An HO-3 policy is insurance lingo for "standard homeowners insurance", but it also refers to a specific legal document that acts as an insurance contract.
An HO-3 policy is insurance-speak for “homeowners insurance policy”
But it also refers to the specific legal document that states what the insurance company covers and what they don’t cover
It also has information about each of the six components of coverage included in a standard policy
If you have homeowners insurance, you most likely have what is called an HO-3 policy—the most common type of home insurance policy in the industry. Also referred to as the Homeowners Policy Special Form 3, an HO-3 is the form or template behind most standard homeowners insurance policies. Your HO-3 policy form is essentially the insurance manual that breaks down how each of the six coverages in your policy work. It also details which perils are covered and which aren’t covered. But since no one person should ever go through the trouble of deciphering this 22-page collection of legalese, we did the dirty work and highlighted the important information you should know about.
In this guide:
An HO-3 policy contains a few sections that serve their own distinct purposes:
Here’s a look at the coverages included in a standard homeowners insurance policy and the typical reimbursement limits of each component.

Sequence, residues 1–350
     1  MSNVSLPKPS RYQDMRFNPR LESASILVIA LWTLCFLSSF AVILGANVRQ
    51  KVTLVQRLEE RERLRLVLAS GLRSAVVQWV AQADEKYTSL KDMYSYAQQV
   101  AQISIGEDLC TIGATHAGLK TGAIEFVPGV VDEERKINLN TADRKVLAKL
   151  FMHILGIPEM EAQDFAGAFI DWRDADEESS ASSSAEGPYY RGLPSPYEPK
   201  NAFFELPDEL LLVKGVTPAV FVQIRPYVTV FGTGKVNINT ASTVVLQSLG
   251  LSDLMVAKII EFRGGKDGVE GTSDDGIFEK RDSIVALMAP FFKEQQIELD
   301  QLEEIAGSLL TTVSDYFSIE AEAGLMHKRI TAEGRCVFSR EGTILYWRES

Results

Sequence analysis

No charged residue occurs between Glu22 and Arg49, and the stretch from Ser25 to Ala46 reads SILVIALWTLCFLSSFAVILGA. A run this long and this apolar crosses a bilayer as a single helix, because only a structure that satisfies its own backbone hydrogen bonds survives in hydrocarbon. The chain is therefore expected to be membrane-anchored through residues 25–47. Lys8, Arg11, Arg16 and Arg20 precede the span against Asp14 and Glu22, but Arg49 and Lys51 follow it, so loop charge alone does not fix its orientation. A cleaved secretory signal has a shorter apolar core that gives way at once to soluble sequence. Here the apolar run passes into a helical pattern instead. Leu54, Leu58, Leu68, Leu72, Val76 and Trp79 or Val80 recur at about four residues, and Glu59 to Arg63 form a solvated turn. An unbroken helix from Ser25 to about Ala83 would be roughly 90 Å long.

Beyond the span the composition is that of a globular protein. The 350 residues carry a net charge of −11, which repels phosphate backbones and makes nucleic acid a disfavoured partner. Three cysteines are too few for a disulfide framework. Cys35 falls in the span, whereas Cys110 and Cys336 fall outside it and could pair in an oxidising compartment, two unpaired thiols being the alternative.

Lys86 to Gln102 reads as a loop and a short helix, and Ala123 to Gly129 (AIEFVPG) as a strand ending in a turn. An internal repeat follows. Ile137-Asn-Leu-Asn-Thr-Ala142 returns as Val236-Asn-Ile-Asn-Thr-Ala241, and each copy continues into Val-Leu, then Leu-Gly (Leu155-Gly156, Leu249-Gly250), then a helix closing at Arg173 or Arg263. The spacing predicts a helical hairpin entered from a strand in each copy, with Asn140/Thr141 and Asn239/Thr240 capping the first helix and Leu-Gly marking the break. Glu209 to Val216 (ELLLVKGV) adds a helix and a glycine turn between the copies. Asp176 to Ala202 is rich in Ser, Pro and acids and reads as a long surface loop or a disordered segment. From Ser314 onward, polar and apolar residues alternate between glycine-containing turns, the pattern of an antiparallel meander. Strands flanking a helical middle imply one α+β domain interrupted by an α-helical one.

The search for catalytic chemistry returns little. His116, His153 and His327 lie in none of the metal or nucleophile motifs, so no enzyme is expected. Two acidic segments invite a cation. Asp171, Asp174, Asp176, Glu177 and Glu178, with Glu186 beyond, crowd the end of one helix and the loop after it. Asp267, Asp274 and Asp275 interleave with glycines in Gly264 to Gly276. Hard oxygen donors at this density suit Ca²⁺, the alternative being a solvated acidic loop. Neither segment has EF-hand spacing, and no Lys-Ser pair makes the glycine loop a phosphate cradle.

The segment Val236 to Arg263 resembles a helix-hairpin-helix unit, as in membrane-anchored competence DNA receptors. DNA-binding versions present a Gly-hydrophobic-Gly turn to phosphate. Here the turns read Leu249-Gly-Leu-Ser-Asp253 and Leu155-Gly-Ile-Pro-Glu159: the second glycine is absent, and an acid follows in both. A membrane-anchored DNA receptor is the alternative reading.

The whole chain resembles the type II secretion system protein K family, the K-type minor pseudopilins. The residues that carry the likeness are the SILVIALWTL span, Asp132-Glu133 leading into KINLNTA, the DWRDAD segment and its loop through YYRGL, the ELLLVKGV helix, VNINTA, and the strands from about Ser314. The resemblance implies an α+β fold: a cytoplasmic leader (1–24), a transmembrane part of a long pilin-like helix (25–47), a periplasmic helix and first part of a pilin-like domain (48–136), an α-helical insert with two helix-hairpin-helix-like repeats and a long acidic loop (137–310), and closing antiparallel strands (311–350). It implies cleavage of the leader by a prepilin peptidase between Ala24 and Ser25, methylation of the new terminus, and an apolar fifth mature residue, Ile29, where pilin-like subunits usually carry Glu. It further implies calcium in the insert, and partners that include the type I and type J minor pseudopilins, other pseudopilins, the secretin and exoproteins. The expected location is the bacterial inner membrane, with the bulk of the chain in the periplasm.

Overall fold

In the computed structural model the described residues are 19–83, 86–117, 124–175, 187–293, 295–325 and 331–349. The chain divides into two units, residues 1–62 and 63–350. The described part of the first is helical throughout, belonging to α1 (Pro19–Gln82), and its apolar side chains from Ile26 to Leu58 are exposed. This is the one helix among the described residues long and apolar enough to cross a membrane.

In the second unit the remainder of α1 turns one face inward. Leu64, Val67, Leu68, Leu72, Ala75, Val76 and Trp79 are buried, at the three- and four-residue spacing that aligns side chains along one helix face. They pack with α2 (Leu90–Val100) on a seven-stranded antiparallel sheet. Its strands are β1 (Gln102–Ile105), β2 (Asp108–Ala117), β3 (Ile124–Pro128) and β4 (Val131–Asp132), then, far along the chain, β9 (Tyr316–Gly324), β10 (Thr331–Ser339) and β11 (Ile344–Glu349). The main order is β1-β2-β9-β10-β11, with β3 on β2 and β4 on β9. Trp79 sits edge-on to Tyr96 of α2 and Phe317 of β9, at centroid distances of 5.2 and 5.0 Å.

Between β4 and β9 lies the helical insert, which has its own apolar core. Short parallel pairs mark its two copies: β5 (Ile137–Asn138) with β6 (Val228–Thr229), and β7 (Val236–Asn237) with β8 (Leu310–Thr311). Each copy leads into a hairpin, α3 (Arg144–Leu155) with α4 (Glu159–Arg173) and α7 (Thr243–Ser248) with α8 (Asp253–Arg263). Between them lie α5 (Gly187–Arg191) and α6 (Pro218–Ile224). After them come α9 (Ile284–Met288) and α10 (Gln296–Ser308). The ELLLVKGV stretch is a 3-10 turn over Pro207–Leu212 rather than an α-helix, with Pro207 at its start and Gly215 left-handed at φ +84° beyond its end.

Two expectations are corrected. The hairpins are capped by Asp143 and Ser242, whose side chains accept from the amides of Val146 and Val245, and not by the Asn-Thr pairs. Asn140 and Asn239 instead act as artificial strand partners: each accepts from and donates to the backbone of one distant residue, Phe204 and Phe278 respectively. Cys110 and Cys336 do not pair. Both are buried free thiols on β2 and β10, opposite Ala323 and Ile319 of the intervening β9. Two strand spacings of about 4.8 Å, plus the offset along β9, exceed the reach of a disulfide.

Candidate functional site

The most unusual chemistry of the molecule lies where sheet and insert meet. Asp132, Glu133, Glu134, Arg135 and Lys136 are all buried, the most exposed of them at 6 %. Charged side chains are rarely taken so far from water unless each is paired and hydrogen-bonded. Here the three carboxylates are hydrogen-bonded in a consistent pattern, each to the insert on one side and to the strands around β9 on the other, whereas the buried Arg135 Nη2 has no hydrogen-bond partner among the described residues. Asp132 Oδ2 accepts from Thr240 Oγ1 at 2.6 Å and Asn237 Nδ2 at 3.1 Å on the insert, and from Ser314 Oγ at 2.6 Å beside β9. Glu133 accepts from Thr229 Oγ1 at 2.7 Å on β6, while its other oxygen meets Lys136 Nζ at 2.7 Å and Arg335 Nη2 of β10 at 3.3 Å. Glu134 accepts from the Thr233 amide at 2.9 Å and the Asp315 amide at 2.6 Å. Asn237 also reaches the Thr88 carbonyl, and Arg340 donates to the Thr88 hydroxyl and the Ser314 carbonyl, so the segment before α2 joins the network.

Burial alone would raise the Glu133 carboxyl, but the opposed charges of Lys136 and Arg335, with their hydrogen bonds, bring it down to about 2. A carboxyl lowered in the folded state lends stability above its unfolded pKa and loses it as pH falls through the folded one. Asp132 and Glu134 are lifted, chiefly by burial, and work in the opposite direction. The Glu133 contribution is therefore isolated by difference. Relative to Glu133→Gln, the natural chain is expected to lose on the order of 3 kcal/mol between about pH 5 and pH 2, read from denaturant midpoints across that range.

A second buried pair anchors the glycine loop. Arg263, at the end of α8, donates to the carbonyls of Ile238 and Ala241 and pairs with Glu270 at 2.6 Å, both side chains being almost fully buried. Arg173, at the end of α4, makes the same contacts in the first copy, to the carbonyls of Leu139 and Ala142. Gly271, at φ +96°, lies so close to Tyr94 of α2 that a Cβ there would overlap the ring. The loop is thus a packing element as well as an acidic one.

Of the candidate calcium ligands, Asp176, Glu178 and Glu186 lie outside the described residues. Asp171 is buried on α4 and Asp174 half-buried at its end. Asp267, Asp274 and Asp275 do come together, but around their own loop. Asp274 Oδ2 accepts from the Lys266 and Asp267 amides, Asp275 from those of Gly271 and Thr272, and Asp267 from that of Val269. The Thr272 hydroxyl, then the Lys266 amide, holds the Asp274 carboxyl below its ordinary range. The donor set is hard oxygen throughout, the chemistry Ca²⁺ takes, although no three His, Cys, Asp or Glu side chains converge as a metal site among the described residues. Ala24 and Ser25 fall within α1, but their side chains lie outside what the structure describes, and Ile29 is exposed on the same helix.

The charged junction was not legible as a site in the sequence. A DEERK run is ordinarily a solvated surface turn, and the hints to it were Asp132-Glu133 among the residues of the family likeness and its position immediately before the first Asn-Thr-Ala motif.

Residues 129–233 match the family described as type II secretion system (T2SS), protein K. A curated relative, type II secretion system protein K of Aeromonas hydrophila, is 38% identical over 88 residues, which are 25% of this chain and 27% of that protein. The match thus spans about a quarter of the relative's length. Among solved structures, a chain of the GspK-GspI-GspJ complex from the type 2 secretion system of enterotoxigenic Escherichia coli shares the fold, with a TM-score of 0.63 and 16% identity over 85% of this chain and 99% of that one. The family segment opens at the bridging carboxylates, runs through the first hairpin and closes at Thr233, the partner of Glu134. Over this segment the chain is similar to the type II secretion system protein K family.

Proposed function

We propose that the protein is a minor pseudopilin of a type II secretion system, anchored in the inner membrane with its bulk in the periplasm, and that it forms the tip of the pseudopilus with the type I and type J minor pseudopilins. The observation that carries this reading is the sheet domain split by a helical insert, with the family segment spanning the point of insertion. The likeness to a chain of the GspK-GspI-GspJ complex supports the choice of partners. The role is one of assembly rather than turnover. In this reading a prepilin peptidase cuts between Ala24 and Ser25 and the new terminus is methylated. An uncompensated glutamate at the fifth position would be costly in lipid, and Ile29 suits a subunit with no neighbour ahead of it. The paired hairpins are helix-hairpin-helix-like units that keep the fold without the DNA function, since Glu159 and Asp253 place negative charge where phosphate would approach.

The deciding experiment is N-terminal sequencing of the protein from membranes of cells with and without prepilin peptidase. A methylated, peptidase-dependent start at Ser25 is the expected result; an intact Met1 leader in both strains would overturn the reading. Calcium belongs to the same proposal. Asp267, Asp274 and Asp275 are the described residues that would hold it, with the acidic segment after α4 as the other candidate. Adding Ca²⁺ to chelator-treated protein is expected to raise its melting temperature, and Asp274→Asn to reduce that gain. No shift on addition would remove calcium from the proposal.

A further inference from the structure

|Coverage||What does this coverage do?||What is the insured coverage limit?|
|Section I - Property Coverages|
|Coverage A - Dwelling||Covers the structure of your home and built-in appliances||The home's replacement cost|
|Coverage B - Other Structures||Covers detached structures on your property||10% of the dwelling limit|
|Coverage C - Personal Property||Covers your personal belongings both inside and outside the home||50% of the dwelling limit|
|Coverage D - Loss-of-use||Pays for additional living expenses while your home is being repaired||20% of the dwelling limit|
|Additional Coverages||Explains all the additional coverages in a standard policy—like debris removal, loss assessment and ordinance or law—and the insured limits of each||Varies by coverage|
|Section II - Liability Coverages|
|Coverage E - Personal Liability||Pays for legal and medical bills if you're held liable for injury or personal property damage to someone else||$100,000-$500,000|
|Coverage F - Medical Payment To Others||If a guest is injured in your home, it pays for their medical bills, regardless of who is at fault||$1,000-$5,000|
Embedded within Section I of the homeowners insurance policy is a list and description of both insured perils, the damage from which you would be reimbursed if you filed a claim for a loss and excluded perils, the damage from which you wouldn’t be reimbursed for if you filed a claim.
There are two categories of property damage protection within an HO-3. Open perils or all risks coverage for your home and detached structures on your property and named perils coverage for your personal belongings.
Open perils coverage covers your home and other structures against every imaginable peril except for the perils specifically excluded from your policy. Examples of excluded perils are flooding, earthquakes, and nuclear war.